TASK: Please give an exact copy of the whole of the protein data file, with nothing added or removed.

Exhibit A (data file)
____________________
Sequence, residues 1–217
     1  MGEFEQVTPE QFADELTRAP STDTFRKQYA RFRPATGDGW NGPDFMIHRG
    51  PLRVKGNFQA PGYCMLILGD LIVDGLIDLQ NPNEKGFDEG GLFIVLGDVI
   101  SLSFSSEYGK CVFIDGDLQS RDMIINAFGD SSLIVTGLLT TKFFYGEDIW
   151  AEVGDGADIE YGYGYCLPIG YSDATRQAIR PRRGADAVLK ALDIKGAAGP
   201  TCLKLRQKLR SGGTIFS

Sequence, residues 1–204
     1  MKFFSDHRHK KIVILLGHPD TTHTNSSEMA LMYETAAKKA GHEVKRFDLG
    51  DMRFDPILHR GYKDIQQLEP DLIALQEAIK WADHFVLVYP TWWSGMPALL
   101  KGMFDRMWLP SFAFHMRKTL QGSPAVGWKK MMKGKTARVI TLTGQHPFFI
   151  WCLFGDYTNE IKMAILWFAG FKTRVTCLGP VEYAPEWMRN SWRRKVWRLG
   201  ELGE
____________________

Sequence, residues 1–217
     1  MGEFEQVTPE QFADELTRAP STDTFRKQYA RFRPATGDGW NGPDFMIHRG
    51  PLRVKGNFQA PGYCMLILGD LIVDGLIDLQ NPNEKGFDEG GLFIVLGDVI
   101  SLSFSSEYGK CVFIDGDLQS RDMIINAFGD SSLIVTGLLT TKFFYGEDIW
   151  AEVGDGADIE YGYGYCLPIG YSDATRQAIR PRRGADAVLK ALDIKGAAGP
   201  TCLKLRQKLR SGGTIFS

Sequence, residues 1–204
     1  MKFFSDHRHK KIVILLGHPD TTHTNSSEMA LMYETAAKKA GHEVKRFDLG
    51  DMRFDPILHR GYKDIQQLEP DLIALQEAIK WADHFVLVYP TWWSGMPALL
   101  KGMFDRMWLP SFAFHMRKTL QGSPAVGWKK MMKGKTARVI TLTGQHPFFI
   151  WCLFGDYTNE IKMAILWFAG FKTRVTCLGP VEYAPEWMRN SWRRKVWRLG
   201  ELGE